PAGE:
Bolton’s Ouster Unleashes the Inner Trump
John Bolton’s departure as the president’s national security adviser removes one source of American tension with the world. But it means that Donald Trump may increasingly shape U.S. foreign policy himself.
Longtime hawk Bolton — fired yesterday by Trump citing disagreements on policy — was a key enabler for the president to take a hard line on Iran and North Korea.
Yet while Bolton is a believer in foreign policy as a tool to combat regimes he perceives as a threat to U.S. strategic power, Trump tends to see overseas dealings through the prism of advancing U.S. economic interests.
That increasingly put them at odds as Trump met with North Korea’s Kim Jong Un, planned a meeting — later nixed — with the Taliban and now flirts with the idea of seeing Iran’s Hassan Rouhani. Trump also has a more relaxed view of Vladimir Putin of Russia.
Much now depends on who becomes the fourth national security adviser to serve Trump, and how quickly.
In the short term, Bolton’s demise may strengthen Secretary of State Michael Pompeo, a Trump loyalist, and leave rulers Bolton detests breathing easier. But it also removes a brake on Trump recalibrating foreign policy in even more disruptive ways.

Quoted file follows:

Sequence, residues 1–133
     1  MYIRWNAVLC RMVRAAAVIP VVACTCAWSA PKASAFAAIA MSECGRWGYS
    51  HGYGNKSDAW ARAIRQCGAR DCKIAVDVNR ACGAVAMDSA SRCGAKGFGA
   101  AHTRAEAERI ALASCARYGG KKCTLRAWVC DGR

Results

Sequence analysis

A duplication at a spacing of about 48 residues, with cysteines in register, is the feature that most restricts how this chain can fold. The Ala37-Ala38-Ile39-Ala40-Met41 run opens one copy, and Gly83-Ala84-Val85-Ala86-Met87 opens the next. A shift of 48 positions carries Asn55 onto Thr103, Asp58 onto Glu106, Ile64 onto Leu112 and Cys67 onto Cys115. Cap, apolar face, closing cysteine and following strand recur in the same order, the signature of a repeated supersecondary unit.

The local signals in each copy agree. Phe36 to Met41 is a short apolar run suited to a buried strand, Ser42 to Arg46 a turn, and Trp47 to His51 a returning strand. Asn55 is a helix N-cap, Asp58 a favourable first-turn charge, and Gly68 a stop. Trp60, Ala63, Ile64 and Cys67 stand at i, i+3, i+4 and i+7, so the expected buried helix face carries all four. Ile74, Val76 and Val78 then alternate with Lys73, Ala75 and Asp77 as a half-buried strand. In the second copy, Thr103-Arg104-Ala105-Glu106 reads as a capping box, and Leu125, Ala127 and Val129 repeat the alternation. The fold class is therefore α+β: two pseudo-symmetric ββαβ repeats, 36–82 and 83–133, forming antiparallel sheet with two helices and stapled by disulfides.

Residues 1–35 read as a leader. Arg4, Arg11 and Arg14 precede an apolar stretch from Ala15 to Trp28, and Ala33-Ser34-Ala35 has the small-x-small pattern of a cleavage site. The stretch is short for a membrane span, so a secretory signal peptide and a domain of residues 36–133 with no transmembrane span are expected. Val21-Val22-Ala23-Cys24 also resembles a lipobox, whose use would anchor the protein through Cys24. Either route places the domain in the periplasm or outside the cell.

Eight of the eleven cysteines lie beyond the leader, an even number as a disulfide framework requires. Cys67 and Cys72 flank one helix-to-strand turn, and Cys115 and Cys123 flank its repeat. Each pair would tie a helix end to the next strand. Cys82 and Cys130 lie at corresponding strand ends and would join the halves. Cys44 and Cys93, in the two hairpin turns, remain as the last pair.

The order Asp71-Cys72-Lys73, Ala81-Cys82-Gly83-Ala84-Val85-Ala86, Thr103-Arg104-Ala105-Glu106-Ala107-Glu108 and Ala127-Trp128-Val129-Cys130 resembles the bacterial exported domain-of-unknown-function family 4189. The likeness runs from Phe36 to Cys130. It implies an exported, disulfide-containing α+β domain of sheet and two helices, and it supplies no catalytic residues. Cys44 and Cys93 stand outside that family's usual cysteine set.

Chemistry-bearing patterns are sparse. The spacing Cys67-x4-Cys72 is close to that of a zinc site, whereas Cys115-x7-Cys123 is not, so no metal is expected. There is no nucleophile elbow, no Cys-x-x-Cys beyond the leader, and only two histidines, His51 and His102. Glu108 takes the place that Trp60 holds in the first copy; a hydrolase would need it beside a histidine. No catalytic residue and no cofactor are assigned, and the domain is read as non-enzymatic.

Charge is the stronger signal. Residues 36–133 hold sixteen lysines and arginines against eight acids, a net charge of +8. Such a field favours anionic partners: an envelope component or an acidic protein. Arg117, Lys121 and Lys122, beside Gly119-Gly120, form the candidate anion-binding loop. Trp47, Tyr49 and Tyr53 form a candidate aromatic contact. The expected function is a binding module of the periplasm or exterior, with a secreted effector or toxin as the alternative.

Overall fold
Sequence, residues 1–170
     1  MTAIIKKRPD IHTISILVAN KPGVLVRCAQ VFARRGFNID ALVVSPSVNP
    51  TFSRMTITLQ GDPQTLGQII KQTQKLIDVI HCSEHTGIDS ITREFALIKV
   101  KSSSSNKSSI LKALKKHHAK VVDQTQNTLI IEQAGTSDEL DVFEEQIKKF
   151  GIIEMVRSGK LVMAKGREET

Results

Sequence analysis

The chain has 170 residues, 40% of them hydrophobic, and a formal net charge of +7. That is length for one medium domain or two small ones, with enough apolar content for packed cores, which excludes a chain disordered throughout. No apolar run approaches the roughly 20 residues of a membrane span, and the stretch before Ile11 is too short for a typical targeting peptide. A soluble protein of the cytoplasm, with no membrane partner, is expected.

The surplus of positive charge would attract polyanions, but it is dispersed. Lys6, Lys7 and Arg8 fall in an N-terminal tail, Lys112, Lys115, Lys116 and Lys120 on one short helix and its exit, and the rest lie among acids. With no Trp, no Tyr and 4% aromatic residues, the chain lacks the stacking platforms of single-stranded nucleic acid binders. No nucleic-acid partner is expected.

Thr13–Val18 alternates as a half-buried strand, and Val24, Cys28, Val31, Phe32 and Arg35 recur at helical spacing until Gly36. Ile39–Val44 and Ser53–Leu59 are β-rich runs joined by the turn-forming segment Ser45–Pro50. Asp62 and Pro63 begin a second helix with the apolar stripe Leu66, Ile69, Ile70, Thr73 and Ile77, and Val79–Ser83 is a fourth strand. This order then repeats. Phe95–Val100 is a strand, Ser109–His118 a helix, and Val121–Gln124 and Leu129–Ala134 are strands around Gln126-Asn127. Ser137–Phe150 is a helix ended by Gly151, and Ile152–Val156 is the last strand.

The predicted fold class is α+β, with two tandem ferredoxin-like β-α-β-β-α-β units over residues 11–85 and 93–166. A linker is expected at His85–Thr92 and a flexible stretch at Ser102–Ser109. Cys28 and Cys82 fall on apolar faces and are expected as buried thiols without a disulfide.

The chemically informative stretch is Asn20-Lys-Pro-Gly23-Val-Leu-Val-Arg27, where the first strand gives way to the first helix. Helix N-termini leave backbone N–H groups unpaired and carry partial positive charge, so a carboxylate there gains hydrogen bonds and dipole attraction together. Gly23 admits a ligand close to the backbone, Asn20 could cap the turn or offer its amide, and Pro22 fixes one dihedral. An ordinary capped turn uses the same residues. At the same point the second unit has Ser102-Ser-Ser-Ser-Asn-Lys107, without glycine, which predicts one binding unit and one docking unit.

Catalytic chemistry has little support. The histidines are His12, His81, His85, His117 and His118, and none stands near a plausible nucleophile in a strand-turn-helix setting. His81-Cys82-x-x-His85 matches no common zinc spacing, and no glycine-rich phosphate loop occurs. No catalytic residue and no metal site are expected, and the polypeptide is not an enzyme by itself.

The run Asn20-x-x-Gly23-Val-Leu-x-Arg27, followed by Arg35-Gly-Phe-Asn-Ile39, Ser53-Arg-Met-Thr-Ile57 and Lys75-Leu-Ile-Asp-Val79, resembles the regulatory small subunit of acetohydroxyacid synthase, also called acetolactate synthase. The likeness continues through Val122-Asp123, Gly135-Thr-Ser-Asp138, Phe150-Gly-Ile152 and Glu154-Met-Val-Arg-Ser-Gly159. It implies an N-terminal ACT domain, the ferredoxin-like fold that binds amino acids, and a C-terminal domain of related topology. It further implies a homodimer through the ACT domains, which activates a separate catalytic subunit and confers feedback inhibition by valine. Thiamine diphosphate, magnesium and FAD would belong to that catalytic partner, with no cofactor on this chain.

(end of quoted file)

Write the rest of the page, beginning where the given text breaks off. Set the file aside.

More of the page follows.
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What to Watch
- Italian Prime Minister Giuseppe Conte is due to meet top officials in Brussels today and forge what he promises will be warmer ties with the EU after he won the second of two confidence votes in parliament.
- Russia and Ukraine will face off at Europe’s top human rights court over claims that Moscow-led forces tortured and killed Ukrainian police and civilians during their annexation of Crimea five years ago.
- A Nigerian court is due to rule today on an opposition challenge to President Muhammadu Buhari’s re-election in February in Africa’s biggest oil producer.
And finally...Libya is gripped by its worst fighting since the 2011 NATO-backed ouster of Moammar Qaddafi, as rival powers vie for control of the oil-rich North African nation. Field Marshall Khalifa Haftar’s self-styled Libyan National Army, the largest force in the country, is trying to pry the UN-backed government of Fayez al-Sarraj from the capital, Tripoli. The upshot, as Samer Al-Atrush reports, is a population that’s grown inured to violence, power cuts and gas shortages, and a country more divided than ever.
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